Many experts predict that hosted software solutions will continue to grow. Software-as-a-service is another term for these hosted solutions, and examples of larger ones are NetSuite.com, Salesforce.com and Google Apps. NetSuite’s solution includes an ecommerce component, and we’ve recently asked NetSuite’s CEO, Zach Nelson, about the rise of hosted solutions, and why, exactly, an ecommerce merchant should consider them.
PeC: NetSuite is a hosted solution, software as a service. Why should merchants make monthly payments for their ecommerce platform when they could purchase license software outright and own it?
Nelson: There are a number of reasons. First of all, it’s actually quite a bit less expensive to start with a solution like NetSuite. With the traditional software model, you pay a lot of money all upfront to own that software and with NetSuite, it’s really more pay as you go. So, instead of paying all on day one, you pay monthly. There’s much less cash up front for the solution, number one. Number two, is what you mentioned about NetSuite hosting the site. The beauty of that model for small ecommerce providers, even large ecommerce providers, is the fact that NetSuite is providing a Fortune 100 data center at essentially $999 a month. So, they’re getting an infrastructure that far outweighs anything that they could build themselves or own themselves.
PeC: We’ve heard folks that use license carts or license platforms say hosted solutions such as NetSuite can’t be customized so much. You can’t customize metadata, tags for SEO purposes. You can’t customize the look and feel of a cart. Is that true?
Nelson: You know, that may have been true five years ago, but these solutions, especially NetSuite, we’ve advanced so much in the last five years. Every one of those statements actually is untrue. You can have your site look like anything you want it to look like. You can build it in Flash. You can build it in Dreamweaver. You can do anything you want to your site from a customization standpoint and similarly from a cart perspective. I think our search engine optimization is frankly better in most cases than many of the traditional carts. So, we have the ability to do standard SEO information like meta tags and page tags and descriptive URLs.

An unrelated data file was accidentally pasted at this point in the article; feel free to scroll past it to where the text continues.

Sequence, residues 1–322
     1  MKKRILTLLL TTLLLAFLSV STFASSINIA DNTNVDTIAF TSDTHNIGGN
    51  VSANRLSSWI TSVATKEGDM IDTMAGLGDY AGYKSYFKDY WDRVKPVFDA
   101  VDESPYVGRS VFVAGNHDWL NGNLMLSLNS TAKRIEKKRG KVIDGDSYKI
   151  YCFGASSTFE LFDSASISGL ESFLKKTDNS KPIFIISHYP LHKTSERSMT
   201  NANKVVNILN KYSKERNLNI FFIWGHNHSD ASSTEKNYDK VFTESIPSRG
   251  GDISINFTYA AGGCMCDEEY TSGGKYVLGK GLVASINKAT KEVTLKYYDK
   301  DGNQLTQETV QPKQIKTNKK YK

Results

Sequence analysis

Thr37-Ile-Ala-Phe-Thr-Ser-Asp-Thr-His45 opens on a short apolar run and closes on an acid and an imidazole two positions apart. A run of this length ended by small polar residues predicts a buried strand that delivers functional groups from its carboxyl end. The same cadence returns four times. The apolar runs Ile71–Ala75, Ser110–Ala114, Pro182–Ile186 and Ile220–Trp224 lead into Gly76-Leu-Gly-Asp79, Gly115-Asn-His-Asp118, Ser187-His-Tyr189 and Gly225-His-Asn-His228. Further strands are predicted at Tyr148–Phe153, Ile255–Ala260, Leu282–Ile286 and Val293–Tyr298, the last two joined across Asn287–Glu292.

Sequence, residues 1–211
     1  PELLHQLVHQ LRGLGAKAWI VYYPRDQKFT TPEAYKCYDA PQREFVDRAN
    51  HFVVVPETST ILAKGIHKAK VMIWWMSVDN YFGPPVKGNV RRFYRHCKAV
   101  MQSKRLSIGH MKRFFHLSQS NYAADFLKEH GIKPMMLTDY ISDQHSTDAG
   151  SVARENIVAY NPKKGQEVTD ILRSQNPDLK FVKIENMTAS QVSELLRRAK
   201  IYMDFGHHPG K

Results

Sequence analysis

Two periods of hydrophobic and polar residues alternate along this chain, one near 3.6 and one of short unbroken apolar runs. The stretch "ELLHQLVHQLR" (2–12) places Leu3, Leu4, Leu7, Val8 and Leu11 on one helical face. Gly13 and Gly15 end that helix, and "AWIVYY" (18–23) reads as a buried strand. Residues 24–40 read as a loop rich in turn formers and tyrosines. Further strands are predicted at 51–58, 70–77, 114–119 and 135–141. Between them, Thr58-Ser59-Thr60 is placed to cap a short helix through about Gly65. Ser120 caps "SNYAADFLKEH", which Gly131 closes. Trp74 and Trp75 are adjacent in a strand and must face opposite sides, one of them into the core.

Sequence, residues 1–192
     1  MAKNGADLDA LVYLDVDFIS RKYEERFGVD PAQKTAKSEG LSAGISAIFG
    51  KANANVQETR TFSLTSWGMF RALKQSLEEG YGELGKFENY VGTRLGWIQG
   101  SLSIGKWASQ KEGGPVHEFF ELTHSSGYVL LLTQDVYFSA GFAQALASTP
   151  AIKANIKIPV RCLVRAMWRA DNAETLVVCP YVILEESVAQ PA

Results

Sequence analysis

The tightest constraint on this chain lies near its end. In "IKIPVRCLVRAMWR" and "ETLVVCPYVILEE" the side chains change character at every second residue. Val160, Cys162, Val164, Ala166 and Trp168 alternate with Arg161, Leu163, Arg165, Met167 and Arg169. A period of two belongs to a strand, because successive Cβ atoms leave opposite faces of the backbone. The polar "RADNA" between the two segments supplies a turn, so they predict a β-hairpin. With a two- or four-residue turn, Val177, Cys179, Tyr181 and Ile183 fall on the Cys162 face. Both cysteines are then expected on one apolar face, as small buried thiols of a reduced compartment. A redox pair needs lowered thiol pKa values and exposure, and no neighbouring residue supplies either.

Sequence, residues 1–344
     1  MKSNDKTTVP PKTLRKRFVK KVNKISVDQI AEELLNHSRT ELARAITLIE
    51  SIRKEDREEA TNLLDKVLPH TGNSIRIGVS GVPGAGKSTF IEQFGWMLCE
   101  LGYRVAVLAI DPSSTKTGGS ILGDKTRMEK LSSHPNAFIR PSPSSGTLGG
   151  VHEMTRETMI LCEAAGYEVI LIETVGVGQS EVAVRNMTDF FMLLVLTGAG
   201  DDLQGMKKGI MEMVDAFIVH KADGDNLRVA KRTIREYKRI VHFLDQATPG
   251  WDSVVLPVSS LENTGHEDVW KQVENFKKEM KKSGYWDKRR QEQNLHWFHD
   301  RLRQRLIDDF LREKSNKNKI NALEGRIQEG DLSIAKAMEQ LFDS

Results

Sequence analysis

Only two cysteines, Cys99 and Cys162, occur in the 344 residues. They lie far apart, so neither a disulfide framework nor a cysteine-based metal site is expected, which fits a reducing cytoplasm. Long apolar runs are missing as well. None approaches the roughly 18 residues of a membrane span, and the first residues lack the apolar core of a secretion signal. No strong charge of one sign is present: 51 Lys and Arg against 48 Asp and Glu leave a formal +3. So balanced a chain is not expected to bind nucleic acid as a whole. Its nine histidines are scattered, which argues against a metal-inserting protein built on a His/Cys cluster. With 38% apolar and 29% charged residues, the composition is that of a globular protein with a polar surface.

The other important piece of this, beyond the shopping cart, is that NetSuite provides the entire infrastructure to actually run the ecommerce business. There are two pieces to running an ecommerce site. One is getting customers to your site and giving them a good shopping experience, but then the second is how do you fulfill against the promise of your website, how do you make sure that your inventory levels are accurate, that your pricing is accurate, and that you respond to those customers in a timely fashion. That’s all the other things NetSuite provides, the accounting infrastructure, the warehousing infrastructure and it’s all seamlessly tied to your website so you could effectively deliver an Amazon.com-like experience as well as having a completely customizable site.
PeC: Tell us about the origins of NetSuite. I believe it was a single conversation that launched both NetSuite and Salesforce.com. Could you tell us about that?
Nelson: That’s interesting. Our founder, Evan Goldberg, was an entrepreneur, like many of your readers, and he came from Oracle. He created a company, but that company ultimately went out of business, as many start-ups do. As he was talking at the time to Larry Ellison, the founder of Oracle, he talked about what he wanted to do next and he started to complain about how hard it was to run a business with one accounting system here, a shopping cart there on another system, your sale system yet another system, trying to tie all that information together to get a coherent picture of your business and to run the business efficiently and Larry said, “Well, I have an idea. Why don’t you build the system that solves that problem?” and that was really the birth of NetSuite. The idea was to build an application that you could run your entire business on. Also involved in those conversations was the founder of Salesforce.com, Marc Benioff, who decided to go off and build just a piece of that idea, the Salesforce automation piece, Both of those conversations really sprung forth with Larry and Evan and Marc way back in 1998 and so you get to where we are today and both companies have really executed on their visions I think very well.